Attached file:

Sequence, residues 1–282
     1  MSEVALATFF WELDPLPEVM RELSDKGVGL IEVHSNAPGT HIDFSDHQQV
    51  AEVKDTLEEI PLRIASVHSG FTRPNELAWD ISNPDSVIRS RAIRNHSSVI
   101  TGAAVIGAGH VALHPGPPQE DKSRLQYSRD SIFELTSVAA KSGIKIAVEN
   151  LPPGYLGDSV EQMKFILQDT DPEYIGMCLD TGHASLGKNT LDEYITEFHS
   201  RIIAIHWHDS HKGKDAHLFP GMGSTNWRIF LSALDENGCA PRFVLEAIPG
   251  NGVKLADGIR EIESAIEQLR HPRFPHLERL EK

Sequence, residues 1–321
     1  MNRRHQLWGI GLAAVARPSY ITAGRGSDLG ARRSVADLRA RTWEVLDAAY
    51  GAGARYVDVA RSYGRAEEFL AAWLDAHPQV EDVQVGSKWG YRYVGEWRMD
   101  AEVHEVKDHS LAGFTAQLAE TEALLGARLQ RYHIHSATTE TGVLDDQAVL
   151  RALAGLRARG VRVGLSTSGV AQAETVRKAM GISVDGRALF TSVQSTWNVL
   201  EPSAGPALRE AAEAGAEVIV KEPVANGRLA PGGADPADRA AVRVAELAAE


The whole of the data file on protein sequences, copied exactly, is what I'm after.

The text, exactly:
Sequence, residues 1–282
     1  MSEVALATFF WELDPLPEVM RELSDKGVGL IEVHSNAPGT HIDFSDHQQV
    51  AEVKDTLEEI PLRIASVHSG FTRPNELAWD ISNPDSVIRS RAIRNHSSVI
   101  TGAAVIGAGH VALHPGPPQE DKSRLQYSRD SIFELTSVAA KSGIKIAVEN
   151  LPPGYLGDSV EQMKFILQDT DPEYIGMCLD TGHASLGKNT LDEYITEFHS
   201  RIIAIHWHDS HKGKDAHLFP GMGSTNWRIF LSALDENGCA PRFVLEAIPG
   251  NGVKLADGIR EIESAIEQLR HPRFPHLERL EK

Sequence, residues 1–321
     1  MNRRHQLWGI GLAAVARPSY ITAGRGSDLG ARRSVADLRA RTWEVLDAAY
    51  GAGARYVDVA RSYGRAEEFL AAWLDAHPQV EDVQVGSKWG YRYVGEWRMD
   101  AEVHEVKDHS LAGFTAQLAE TEALLGARLQ RYHIHSATTE TGVLDDQAVL
   151  RALAGLRARG VRVGLSTSGV AQAETVRKAM GISVDGRALF TSVQSTWNVL
   201  EPSAGPALRE AAEAGAEVIV KEPVANGRLA PGGADPADRA AVRVAELAAE